Using new toxicogenomic technologies, researchers can identify toxic processes as they unfold at an early, molecular stage, long before symptoms appear.  This knowledge will support the development of tests that can more accurately predict whether a chemical will be hazardous, and at what dose.  The tests' sensitivity also could lead to better prediction and prevention of damage to fetuses at critical stages of development.  Finally, toxicogenomic studies can inform individuals about their particular genetic vulnerabilities. 


Given the potential of toxicogenomics to reduce and prevent health risks, regulatory agencies should expand their research and enhance efforts to use these methods to aid risk assessments, the report says.  It also calls on the National Institute of Environmental Health Sciences and other stakeholders in government, academia, and industry to explore the feasibility of implementing a concerted human toxicogenomics initiative. 


A crucial part of this effort will be the creation of a single public database to collect toxicogenomic data and integrate it with data on health effects generated by traditional toxicology studies, the report says.  Such a database will let scientists see connections between activity at a molecular level and the symptoms that result, and decipher how multiple genetic reactions at the cellular level can combine to cause adverse outcomes.  New studies will also be needed to generate data on the genomic effects of chemicals for which traditional toxicity data already exist.  And a national "biorepository" for physical samples -- human blood and tissue, for example -- will be useful for future toxicogenomic studies.  Every effort should be made to use samples already being collected for other research, the report urges.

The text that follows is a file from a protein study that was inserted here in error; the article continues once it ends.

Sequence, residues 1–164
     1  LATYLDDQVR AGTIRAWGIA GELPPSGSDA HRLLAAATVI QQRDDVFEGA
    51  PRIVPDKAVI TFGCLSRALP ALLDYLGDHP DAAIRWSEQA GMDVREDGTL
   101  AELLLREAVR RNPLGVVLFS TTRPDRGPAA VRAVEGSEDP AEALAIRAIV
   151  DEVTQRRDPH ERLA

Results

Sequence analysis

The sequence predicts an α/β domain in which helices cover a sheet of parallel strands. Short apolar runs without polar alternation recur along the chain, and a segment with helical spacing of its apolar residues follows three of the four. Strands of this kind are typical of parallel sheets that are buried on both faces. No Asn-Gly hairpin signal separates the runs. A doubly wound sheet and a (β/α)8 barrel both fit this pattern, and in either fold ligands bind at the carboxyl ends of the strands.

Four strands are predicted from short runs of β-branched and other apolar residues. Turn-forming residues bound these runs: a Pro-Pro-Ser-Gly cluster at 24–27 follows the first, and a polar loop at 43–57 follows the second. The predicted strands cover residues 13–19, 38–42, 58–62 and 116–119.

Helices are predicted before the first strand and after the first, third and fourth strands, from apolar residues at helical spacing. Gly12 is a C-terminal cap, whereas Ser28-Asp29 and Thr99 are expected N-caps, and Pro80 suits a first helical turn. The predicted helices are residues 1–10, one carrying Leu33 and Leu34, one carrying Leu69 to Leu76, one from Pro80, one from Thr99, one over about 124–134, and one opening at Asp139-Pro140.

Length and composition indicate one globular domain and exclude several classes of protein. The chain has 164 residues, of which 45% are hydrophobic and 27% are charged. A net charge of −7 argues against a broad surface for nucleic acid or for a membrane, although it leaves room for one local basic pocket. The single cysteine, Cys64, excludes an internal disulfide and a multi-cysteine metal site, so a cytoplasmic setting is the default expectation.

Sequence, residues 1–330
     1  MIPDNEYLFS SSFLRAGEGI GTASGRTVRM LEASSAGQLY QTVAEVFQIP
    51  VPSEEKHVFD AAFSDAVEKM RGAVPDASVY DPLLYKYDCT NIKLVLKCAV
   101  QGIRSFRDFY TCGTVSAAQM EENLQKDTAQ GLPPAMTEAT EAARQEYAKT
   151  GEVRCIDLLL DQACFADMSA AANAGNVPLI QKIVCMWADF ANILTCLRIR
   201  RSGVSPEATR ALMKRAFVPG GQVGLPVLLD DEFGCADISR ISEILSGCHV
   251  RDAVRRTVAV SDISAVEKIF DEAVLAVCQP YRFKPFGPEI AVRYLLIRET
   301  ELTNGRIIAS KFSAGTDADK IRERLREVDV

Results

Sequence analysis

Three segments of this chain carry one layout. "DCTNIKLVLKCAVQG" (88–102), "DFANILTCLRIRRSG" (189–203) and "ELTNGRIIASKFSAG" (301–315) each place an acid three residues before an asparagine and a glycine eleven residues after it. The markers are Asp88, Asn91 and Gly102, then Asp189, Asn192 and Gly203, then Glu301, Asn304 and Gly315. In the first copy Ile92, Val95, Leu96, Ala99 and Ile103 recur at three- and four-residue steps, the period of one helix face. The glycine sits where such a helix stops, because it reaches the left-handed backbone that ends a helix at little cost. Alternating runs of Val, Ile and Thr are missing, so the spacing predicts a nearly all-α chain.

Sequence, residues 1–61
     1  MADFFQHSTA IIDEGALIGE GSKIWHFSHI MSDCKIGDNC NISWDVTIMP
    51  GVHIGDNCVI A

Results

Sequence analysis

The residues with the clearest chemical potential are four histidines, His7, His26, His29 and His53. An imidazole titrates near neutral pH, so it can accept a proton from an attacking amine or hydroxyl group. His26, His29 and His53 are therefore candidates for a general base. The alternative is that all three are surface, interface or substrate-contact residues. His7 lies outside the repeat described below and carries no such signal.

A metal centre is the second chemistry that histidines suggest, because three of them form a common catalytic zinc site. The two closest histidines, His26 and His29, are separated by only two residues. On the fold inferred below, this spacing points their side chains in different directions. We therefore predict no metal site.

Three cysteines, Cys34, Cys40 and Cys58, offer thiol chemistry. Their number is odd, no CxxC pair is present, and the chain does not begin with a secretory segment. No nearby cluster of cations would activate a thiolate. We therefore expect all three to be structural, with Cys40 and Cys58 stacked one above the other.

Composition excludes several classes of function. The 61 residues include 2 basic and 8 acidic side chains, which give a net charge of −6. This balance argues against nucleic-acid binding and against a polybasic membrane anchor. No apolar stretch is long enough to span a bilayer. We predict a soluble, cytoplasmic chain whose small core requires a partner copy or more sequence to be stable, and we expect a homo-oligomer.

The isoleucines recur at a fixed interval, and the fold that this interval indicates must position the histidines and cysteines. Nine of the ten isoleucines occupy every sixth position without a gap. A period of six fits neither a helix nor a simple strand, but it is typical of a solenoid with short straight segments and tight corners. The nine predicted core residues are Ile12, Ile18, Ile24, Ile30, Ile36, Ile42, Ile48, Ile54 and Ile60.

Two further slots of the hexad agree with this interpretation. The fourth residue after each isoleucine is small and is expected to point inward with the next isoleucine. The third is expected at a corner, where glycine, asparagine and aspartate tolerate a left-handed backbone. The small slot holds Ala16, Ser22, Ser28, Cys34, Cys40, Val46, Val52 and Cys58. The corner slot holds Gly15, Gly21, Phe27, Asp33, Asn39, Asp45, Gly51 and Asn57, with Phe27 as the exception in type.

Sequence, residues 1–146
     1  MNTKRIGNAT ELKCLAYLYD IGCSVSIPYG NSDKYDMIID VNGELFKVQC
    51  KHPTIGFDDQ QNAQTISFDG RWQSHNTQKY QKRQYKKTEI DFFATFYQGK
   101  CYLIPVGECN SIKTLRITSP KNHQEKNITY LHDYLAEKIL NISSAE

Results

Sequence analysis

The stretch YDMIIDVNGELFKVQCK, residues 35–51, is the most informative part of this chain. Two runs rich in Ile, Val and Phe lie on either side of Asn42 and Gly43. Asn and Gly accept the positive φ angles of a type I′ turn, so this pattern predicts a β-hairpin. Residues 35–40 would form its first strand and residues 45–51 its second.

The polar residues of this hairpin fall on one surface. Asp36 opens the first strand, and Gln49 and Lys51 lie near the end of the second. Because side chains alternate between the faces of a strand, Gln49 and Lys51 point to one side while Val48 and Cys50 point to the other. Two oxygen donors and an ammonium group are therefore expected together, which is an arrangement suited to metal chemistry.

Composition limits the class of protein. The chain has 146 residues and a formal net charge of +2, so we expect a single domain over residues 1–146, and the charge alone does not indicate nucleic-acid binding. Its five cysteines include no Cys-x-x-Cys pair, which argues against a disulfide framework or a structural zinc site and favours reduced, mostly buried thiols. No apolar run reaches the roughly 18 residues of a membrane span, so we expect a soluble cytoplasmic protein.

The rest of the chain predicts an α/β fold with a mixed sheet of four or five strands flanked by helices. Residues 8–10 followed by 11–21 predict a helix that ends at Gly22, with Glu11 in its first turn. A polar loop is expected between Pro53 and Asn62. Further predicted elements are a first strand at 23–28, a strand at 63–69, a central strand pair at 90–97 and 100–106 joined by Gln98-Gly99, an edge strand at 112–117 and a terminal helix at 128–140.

The generation of data from such studies, and toxicogenomic research in general, raises a host of social, legal, and ethical questions that the new initiative needs to address -- including protecting the privacy of genetic and health data, the report says.  Individuals might decide against genetic testing if there is a danger that health insurers or employers could access their information and use it to deny them insurance or work.  Safeguarding the privacy of this data will be increasingly challenging as the use of electronic medical records grows.